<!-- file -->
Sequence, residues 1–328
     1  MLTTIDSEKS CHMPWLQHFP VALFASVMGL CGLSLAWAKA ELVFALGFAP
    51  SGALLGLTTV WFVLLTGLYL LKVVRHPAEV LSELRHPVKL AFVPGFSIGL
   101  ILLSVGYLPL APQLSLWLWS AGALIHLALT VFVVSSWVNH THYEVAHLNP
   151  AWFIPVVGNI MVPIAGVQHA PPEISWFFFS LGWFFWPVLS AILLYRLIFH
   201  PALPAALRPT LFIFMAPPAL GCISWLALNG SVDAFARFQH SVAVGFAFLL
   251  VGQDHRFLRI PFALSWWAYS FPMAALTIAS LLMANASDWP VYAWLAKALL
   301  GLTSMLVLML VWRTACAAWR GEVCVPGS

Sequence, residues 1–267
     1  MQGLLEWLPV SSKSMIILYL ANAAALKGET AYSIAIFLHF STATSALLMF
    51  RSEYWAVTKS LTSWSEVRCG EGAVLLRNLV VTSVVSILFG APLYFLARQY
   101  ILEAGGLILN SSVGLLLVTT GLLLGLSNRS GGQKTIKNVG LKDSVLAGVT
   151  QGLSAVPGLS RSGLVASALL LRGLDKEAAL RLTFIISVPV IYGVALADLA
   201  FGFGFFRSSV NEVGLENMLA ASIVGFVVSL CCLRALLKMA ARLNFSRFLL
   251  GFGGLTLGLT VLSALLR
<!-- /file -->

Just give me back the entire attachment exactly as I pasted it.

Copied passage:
Sequence, residues 1–328
     1  MLTTIDSEKS CHMPWLQHFP VALFASVMGL CGLSLAWAKA ELVFALGFAP
    51  SGALLGLTTV WFVLLTGLYL LKVVRHPAEV LSELRHPVKL AFVPGFSIGL
   101  ILLSVGYLPL APQLSLWLWS AGALIHLALT VFVVSSWVNH THYEVAHLNP
   151  AWFIPVVGNI MVPIAGVQHA PPEISWFFFS LGWFFWPVLS AILLYRLIFH
   201  PALPAALRPT LFIFMAPPAL GCISWLALNG SVDAFARFQH SVAVGFAFLL
   251  VGQDHRFLRI PFALSWWAYS FPMAALTIAS LLMANASDWP VYAWLAKALL
   301  GLTSMLVLML VWRTACAAWR GEVCVPGS

Sequence, residues 1–267
     1  MQGLLEWLPV SSKSMIILYL ANAAALKGET AYSIAIFLHF STATSALLMF
    51  RSEYWAVTKS LTSWSEVRCG EGAVLLRNLV VTSVVSILFG APLYFLARQY
   101  ILEAGGLILN SSVGLLLVTT GLLLGLSNRS GGQKTIKNVG LKDSVLAGVT
   151  QGLSAVPGLS RSGLVASALL LRGLDKEAAL RLTFIISVPV IYGVALADLA
   201  FGFGFFRSSV NEVGLENMLA ASIVGFVVSL CCLRALLKMA ARLNFSRFLL
   251  GFGGLTLGLT VLSALLR